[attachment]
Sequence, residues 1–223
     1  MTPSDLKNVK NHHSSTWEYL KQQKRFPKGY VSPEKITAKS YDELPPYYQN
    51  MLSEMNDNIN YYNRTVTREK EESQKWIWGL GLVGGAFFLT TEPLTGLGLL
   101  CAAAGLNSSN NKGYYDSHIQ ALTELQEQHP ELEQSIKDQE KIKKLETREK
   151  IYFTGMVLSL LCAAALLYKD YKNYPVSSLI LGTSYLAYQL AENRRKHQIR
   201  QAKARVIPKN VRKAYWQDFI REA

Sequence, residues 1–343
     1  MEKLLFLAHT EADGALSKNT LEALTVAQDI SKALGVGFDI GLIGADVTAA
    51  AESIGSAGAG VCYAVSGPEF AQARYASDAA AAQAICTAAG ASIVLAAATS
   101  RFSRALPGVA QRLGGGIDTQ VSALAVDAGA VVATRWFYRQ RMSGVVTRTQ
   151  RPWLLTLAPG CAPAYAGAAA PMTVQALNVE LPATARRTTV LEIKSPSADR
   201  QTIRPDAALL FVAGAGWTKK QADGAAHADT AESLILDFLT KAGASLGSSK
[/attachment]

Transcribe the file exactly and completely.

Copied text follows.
Sequence, residues 1–223
     1  MTPSDLKNVK NHHSSTWEYL KQQKRFPKGY VSPEKITAKS YDELPPYYQN
    51  MLSEMNDNIN YYNRTVTREK EESQKWIWGL GLVGGAFFLT TEPLTGLGLL
   101  CAAAGLNSSN NKGYYDSHIQ ALTELQEQHP ELEQSIKDQE KIKKLETREK
   151  IYFTGMVLSL LCAAALLYKD YKNYPVSSLI LGTSYLAYQL AENRRKHQIR
   201  QAKARVIPKN VRKAYWQDFI REA

Sequence, residues 1–343
     1  MEKLLFLAHT EADGALSKNT LEALTVAQDI SKALGVGFDI GLIGADVTAA
    51  AESIGSAGAG VCYAVSGPEF AQARYASDAA AAQAICTAAG ASIVLAAATS
   101  RFSRALPGVA QRLGGGIDTQ VSALAVDAGA VVATRWFYRQ RMSGVVTRTQ
   151  RPWLLTLAPG CAPAYAGAAA PMTVQALNVE LPATARRTTV LEIKSPSADR
   201  QTIRPDAALL FVAGAGWTKK QADGAAHADT AESLILDFLT KAGASLGSSK